Garcia v. Surprise, City of

Filing 62

ORDER AND OPINION that defendant's 52 Motion for Attorneys' Fees is denied. Signed by Judge John W Sedwick on 07/21/11.(ESL)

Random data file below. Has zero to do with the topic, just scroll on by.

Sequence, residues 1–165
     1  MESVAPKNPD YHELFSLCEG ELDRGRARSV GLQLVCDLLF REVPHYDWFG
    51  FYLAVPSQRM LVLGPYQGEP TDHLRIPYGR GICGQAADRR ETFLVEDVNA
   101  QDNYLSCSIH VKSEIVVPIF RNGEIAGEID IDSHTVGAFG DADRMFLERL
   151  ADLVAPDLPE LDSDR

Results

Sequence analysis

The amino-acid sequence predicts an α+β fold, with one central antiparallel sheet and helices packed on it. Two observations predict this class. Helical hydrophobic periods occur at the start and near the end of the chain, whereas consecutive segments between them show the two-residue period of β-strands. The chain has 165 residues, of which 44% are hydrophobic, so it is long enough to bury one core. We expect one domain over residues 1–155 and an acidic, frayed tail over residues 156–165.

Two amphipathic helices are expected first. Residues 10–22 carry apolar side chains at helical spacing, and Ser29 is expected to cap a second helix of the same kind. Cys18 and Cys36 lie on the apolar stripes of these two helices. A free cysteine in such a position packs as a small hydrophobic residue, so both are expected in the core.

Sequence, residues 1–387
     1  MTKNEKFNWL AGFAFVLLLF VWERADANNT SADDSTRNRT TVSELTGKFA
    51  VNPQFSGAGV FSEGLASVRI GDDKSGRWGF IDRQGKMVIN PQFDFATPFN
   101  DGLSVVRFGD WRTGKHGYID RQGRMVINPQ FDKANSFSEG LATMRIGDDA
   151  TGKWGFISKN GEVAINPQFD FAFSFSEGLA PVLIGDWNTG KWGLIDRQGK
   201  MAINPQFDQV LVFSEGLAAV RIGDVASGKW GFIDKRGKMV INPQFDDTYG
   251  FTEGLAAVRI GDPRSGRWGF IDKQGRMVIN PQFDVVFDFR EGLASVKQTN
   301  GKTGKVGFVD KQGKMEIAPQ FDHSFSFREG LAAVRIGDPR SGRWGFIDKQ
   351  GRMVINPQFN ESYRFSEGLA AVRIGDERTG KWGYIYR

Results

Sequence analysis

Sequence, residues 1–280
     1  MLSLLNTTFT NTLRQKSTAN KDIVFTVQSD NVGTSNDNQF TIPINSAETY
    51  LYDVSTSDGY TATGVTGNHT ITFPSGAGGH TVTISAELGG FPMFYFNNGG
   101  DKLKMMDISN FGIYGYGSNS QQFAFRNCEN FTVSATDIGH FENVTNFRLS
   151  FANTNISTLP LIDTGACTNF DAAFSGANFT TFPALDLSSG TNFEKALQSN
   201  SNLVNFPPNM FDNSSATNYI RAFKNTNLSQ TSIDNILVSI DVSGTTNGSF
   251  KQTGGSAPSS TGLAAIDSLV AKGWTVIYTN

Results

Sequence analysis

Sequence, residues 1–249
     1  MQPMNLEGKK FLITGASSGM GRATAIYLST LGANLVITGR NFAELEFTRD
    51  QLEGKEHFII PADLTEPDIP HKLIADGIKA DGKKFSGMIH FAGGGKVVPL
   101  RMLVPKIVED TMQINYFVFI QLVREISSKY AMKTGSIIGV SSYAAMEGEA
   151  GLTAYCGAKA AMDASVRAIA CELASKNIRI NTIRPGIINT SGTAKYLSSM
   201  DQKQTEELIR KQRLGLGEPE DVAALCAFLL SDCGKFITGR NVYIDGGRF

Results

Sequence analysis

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UNITED STATES DISTRICT COURT DISTRICT OF ARIZONA ROSEMARY GARCIA, et al., Plaintiffs, vs. CITY OF SURPRISE, Defendant. ) ) ) ) ) ) ) ) ) ) 2:09-cv-02671 JWS ORDER AND OPINION [Re: Motion at Docket 52] I. MOTION PRESENTED At docket 52, defendant the City of Surprise (“the City”) moves pursuant to Local Rule 54.2, 42 U.S.C. § 2000e-5(k), and 28 U.S.C. § 1927 for an award of attorneys’ fees. Plaintiffs Apreel Nye (“Nye”) and Rosemary Garcia (“Garcia”; collectively “plaintiffs”) oppose the motion at docket 60. Defendant’s reply is at docket 61. Oral argument was not requested and would not assist the court. II. BACKGROUND Plaintiffs were detectives with the City of Surprise Police Department. Nye and Garcia each asserted claims against the City for gender discrimination and retaliation based on termination of their employment and based on their treatment during an internal affairs investigation. Nye asserted a separate claim for gender discrimination based on the City’s refusal to permit her to test for a special assignment. Garcia asserted a separate claim based on discipline stemming from a traffic citation. More detailed factual background is provided in the order and opinion at docket 49. That order and opinion granted summary judgment in favor of defendant on all claims. III. DISCUSSION A. Entitlement to an Award Under 42 U.S.C. § 2000e-5(k) Section 2000e5-(k) of Title 42 provides that “[i]n any action or proceeding under this subchapter the court, in its discretion, may allow the prevailing party . . . a reasonable attorney’s fee . . . as part of the costs.”1 However, fees may not be routinely awarded to a prevailing defendant. Rather, a district court may exercise its discretion to award fees to a defendant “upon a finding that the plaintiff’s action was frivolous, unreasonable, or without foundation, even [if] not brought in subjective bad faith.”2 An action is without foundation if it has “no legal or factual basis.”3 The Supreme Court has indicated that a complaint is frivolous “where it lacks an arguable basis in either law or in fact.”4 The “inability to defeat summary judgment does not mean that [a plaintiff’s] claims were groundless at the outset.”5 1 42 U.S.C. § 2000e-5(k). 2 Christiansburg Garment Co. v. EEOC, 434 U.S. 412, 421 (1978). 3 See Mitchell v. Office of Los Angeles County, 805 F.2d 844, 847 (9th Cir. 1986). 4 See Neitzke v. Williams, 490 U.S. 319, 325 (1989). 5 Karam v. City of Burbank, 352 F.3d 1188, 1196 (9th Cir. 2003). -2- 1. Discrimination Claims a. Termination of Employment Plaintiffs were unable to establish that similarly situated male officers were not terminated after refusing to answer questions during an internal affairs investigation.6 Neither plaintiff, therefore, made a prima facie showing of discrimination with respect to termination of their employment. However, the other elements of a Title VII discrimination claim were present. Plaintiffs’ discrimination claims based on termination of their employment therefore had an arguable basis in law and fact. b. Treatment During Internal Affairs Investigation Plaintiffs also claimed that they were discriminated against during the internal affairs investigation. Defendants contended that conduct during an investigation does not constitute an adverse employment action. The court declined to address defendant’s contention in the order at docket 49. The court instead assumed that plaintiffs had made out a prima facie case of discrimination, but granted summary judgment in defendant’s favor because defendant provided a legitimate, nondiscriminatory reason for its actions to which plaintiffs did not respond.7 In order to determine whether plaintiffs’ claims had a legal basis, it is necessary to determine whether defendant’s conduct could be considered an adverse employment action. An adverse employment action is “any adverse treatment that is based on a retaliatory motive and is reasonably likely to deter the charging party or others from 6 Doc. 49 at 6–7. 7 Id. at 8–9. -3- engaging in protected activity.”8 The question is whether the treatment complained of would dissuade employees from engaging in protected activity.9 Plaintiffs were required to relinquish their weapons, cell phones, and recording devices while being interviewed. Nye was not permitted phone calls to her mother, her child’s caretaker, or her attorney. Garcia was interviewed five times. Although the actions complained of might be considered adverse treatment, the setting was unique–plaintiffs were only treated that way during an internal affairs investigation. Moreover, the investigation did not stem from protected activity. Consequently, plaintiffs’ discrimination claims based on their treatment during the investigation were without legal foundation. c. Nye’s Application for a Special Assignment The court granted summary judgment in the City’s favor with respect to Nye’s separate discrimination claim because Nye did not show that the City’s legitimate, nondiscriminatory reason for denying the special assignment was pretextual.10 The court did not determine whether Nye had made out a prima facie case of discrimination. Whether Nye did turns on whether two officers who received special assignments after having been disciplined were similarly situated. Because that question is itself close, Nye’s separate claim was not frivolous. 8 Ray v. Henderson, 217 F.3d 1234, 1242–43 (9th Cir. 2000) (internal quotations omitted). 9 See id. at 1243. 10 Doc. 49 at 10. -4- d. Garcia’s Discipline The court granted summary judgment in the City’s favor on Garcia’s separate discrimination claim because Garcia did not establish that similarly situated employees were treated differently. However, Garcia’s individual claim had an arguable basis in law and fact–disposition of the claim turned on the fact that Garcia did not establish that she contested her traffic citation, whereas two male officers clearly had. Consequently, Garcia’s separate claim was not frivolous or without foundation. 2. Retaliation Claims Garcia and Nye claimed that they were retaliated against because they had personal relationships with Atwell. Defendant correctly argues that personal relationships are not “protected activity” under 42 U.S.C. § 2000e-3. Plaintiffs respond that their retaliation claims were not based on their relationships with Atwell, but reporting acts of discrimination. It is clear from the face of Garcia’s complaint that her retaliation claim was based on the notion that the City retaliated against her because of her relationship with Atwell.11 Garcia’s retaliation claim was therefore frivolous. Nye also asserted that she was retaliated against because of her personal relationship with Atwell. However, Nye’s complaint also states that “she was retaliated against because she filed a complaint of discrimination.”12 Defendant argues that Nye had no basis to assert any causal relationship between her discrimination complaint and 11 Doc. 1 at 5–6. 12 Complaint at 5, Nye v. City of Surprise, No. 2:09-cv-2705 (D. Ariz. Dec. 30, 2009), ECF No. 1. -5- subsequent termination.13 The court concludes that although Nye was unable to demonstrate that the City’s actions were pretextual, her individual retaliation claim was not without an arguable basis in law or fact. In sum, although some of plaintiffs’ claims were frivolous, on the whole the court concludes that the consolidated action was not and declines to exercise its discretion to award fees pursuant to 42 U.S.C. § 2000e-5(k). B. Entitlement to an Award Under 28 U.S.C. § 1927 Section 1927 of Title 28 provides that “[a]ny attorney . . . who so multiplies the proceedings in any case unreasonably and vexatiously may be required by the court to satisfy personally costs, expenses, and attorneys’ fees reasonably incurred because of such conduct.”14 Defendant has not demonstrated that plaintiffs’ counsel “knowingly or recklessly raise[d] a frivolous argument.”15 Defendant is therefore not entitled to fees under § 1927. V. CONCLUSION For the reasons above, defendant’s motion at docket 52 for attorneys’ fees is DENIED. DATED this 21st day of July 2011. /s/ JOHN W. SEDWICK UNITED STATES DISTRICT JUDGE 13 See, e.g., Raad v. Fairbanks N. Star Borough Sch. Dist., 323 F.3d 1185, 1196–97 (9th Cir. 2003). 14 28 U.S.C. § 1927. 15 See B.K.B v. Maui Police Dep’t, 276 F.3d 1091, 1107 (9th Cir. 2002). -6-